The story began in a dusty, hot village in Eritrea , and ended in an icy wood in Halifax just a few weeks ago.That day, Habtom Kibraeb was told that his refugee claim had been denied by Immigration Canada Deportation was almost certain. Now – on Habtom’s path – from shepherd boy to young solider, from runaway to laundry worker – there was an obstacle he couldn’t face, a fate from which he saw no escape.
So in his mother tongue of Tigrinya, he wrote a letter to the people he cared about most. Then he hung himself from a tree in a Halifax neighbourhood he knew well.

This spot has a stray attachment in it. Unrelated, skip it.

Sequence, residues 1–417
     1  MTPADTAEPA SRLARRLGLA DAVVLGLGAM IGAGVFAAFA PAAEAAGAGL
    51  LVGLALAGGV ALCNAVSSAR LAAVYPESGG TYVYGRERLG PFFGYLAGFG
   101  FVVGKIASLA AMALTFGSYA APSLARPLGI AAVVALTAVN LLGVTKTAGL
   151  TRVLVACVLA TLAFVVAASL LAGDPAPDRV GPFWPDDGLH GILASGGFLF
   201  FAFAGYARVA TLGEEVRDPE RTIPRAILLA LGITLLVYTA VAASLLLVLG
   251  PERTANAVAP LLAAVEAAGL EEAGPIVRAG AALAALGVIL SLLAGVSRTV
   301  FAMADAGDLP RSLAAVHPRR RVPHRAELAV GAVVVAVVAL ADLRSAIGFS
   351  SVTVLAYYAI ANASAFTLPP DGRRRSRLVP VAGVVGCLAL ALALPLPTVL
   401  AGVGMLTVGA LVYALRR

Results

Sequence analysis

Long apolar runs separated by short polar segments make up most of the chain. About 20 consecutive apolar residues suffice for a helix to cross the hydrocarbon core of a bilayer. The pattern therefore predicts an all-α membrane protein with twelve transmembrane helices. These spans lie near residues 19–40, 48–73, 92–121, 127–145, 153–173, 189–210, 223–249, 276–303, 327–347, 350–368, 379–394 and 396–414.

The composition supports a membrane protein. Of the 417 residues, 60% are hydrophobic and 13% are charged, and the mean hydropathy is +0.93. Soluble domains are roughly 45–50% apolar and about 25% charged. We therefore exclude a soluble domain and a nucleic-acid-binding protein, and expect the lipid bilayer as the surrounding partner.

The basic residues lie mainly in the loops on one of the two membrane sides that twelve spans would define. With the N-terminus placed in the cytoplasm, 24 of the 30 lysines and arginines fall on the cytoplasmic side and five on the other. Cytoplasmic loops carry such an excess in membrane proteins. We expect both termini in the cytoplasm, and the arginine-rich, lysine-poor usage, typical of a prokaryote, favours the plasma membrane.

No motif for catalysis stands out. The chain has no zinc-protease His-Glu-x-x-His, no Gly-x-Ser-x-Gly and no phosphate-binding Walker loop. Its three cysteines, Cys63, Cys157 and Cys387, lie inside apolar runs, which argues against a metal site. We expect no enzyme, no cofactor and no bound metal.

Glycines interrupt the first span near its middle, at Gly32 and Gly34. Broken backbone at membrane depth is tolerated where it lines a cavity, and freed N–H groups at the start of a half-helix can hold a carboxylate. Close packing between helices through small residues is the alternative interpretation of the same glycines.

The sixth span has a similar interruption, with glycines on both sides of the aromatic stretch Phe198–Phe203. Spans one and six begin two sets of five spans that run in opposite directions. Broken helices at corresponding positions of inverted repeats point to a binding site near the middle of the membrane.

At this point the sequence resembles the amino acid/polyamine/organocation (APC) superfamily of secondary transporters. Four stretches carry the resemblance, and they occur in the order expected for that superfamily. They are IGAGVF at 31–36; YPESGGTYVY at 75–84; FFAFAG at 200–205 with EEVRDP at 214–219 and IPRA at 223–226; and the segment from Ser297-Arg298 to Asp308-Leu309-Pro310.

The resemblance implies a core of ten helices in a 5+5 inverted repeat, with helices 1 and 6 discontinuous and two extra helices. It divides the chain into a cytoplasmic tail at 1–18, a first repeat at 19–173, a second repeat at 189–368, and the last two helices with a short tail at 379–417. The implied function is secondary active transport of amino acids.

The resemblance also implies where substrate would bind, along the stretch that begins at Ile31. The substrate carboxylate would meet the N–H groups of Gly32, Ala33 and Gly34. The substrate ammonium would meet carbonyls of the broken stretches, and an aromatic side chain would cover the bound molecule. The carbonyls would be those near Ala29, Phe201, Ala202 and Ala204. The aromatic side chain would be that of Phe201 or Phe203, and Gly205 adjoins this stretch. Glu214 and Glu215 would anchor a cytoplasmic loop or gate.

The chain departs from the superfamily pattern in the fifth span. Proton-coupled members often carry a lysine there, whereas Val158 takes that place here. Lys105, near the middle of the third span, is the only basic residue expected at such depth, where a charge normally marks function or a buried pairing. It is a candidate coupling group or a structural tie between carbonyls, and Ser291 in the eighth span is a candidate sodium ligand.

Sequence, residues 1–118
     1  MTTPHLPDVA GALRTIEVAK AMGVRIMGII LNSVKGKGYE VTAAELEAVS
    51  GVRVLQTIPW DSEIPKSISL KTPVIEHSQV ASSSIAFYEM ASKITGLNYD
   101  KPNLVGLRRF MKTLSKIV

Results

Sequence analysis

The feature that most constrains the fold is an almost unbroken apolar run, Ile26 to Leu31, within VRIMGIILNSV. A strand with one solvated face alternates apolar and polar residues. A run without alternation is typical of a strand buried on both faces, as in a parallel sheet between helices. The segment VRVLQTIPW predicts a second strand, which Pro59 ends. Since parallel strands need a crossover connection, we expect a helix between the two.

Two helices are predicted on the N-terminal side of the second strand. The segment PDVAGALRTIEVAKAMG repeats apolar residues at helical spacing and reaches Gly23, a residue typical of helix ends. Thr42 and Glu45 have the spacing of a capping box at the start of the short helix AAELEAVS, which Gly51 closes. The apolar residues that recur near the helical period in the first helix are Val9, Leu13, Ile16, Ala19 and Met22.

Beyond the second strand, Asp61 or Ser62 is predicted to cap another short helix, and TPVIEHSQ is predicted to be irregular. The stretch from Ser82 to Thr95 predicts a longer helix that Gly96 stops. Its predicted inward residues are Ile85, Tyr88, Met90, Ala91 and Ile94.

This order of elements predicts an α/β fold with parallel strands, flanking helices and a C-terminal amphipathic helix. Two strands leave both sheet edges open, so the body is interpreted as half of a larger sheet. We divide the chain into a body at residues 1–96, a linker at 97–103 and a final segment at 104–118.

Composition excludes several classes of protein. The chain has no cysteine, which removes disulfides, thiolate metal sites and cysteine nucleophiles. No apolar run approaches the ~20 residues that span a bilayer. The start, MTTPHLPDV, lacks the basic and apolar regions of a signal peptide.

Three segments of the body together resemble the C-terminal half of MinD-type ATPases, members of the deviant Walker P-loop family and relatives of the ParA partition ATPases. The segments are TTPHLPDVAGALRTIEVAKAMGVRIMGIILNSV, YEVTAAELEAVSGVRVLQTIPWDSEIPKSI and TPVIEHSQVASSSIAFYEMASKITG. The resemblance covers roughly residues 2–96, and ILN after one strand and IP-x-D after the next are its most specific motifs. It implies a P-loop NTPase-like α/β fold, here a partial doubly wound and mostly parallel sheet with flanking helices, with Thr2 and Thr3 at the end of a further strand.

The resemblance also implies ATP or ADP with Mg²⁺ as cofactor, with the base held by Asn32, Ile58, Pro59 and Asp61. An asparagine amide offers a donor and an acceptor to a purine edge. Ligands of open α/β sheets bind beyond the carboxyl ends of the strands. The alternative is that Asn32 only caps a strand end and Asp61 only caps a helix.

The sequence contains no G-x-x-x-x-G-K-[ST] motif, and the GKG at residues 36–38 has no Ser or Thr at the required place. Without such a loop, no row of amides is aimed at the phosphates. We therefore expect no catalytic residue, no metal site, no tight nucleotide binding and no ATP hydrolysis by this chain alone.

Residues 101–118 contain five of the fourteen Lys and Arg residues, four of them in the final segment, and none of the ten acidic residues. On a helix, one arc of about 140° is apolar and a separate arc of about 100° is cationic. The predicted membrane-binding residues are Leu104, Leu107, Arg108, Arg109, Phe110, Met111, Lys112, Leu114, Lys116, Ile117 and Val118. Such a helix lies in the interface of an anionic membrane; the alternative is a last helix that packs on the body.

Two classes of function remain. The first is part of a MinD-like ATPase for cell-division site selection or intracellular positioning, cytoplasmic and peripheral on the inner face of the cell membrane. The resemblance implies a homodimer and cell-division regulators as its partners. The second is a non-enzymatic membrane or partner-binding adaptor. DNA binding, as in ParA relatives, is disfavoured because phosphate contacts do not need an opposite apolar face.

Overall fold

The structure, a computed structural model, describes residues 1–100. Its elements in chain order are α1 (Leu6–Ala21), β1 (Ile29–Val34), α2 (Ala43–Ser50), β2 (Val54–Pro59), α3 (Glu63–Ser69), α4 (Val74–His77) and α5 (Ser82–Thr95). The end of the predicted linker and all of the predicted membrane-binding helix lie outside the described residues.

His friends, his advocates, his community are struggling to piece together what happened and why.Our documentary is called Habtom’s Path.
Habtom’s Path was produced by Mary Lynk. A friend of Habtom’s, Naz Yemane, read the farewell letter and its English translation.
Habtom’s friends wanted to fulfill his wish to be cremated and buried in Canada. But his younger brother said he would kill himself if Habtom’s body was not returned to his homeland. The friends felt they had no choice. They sent Habtom’s body back to Eritrea, the country he had tried so desperately to escape.